Finally, I invite each of you to join me in recognizing our graduating veterans. These dedicated men and women pursued their education at IU Southeast after serving their country. Today, 17 student veterans are graduating; each is wearing red, white, and blue cords. Please join me in showing these graduates, along with all of our service men and women, our sincere appreciation.
Although each of our graduates has a unique story to tell, I want to take a moment to focus on their collective accomplishments.
President McRobbie, Trustees, distinguished guests, please allow me share just a bit about this extraordinary group of graduates who sit before me, dressed in caps and gowns, ready to take on the world:
They do, in fact, make up one of the largest graduating classes in our history. One thousand and ninety of these graduates have earned their IU degree, while 48 have earned a degree through our partnership with the Purdue University School of Technology.
Today’s graduates hail from 21 Indiana counties, six states, and sixteen countries. The Indiana-Kentucky tuition reciprocity program is well reflected in this class, with more than a third of its members coming from the five Kentucky counties that benefit from the in-state tuition agreement.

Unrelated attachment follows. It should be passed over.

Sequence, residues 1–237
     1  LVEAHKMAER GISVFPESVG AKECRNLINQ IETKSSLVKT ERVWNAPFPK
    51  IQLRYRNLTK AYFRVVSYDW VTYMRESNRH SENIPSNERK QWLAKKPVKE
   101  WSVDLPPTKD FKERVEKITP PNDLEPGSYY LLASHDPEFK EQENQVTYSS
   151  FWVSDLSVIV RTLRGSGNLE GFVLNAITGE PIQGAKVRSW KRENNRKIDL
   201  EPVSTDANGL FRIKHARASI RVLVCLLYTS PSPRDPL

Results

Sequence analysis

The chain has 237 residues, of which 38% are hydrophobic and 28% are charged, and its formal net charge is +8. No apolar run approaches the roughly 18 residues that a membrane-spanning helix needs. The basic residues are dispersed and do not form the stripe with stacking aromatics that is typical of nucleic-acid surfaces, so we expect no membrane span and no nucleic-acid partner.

Members of the Class of 2012 range in age from 20 to 70. More than a third of today’s graduates are younger than 24, while another third are over the age of 50. Today’s oldest graduate - at 70 years young - has the honor of being the senior member of the entire IU class of 2012. Across seven IU campuses and among the 19,000 students who are eligible to receive IU degrees, Nancy Sue Bartle is the “most senior” graduating student. Congratulations, Nancy! Learning is truly a lifelong endeavor.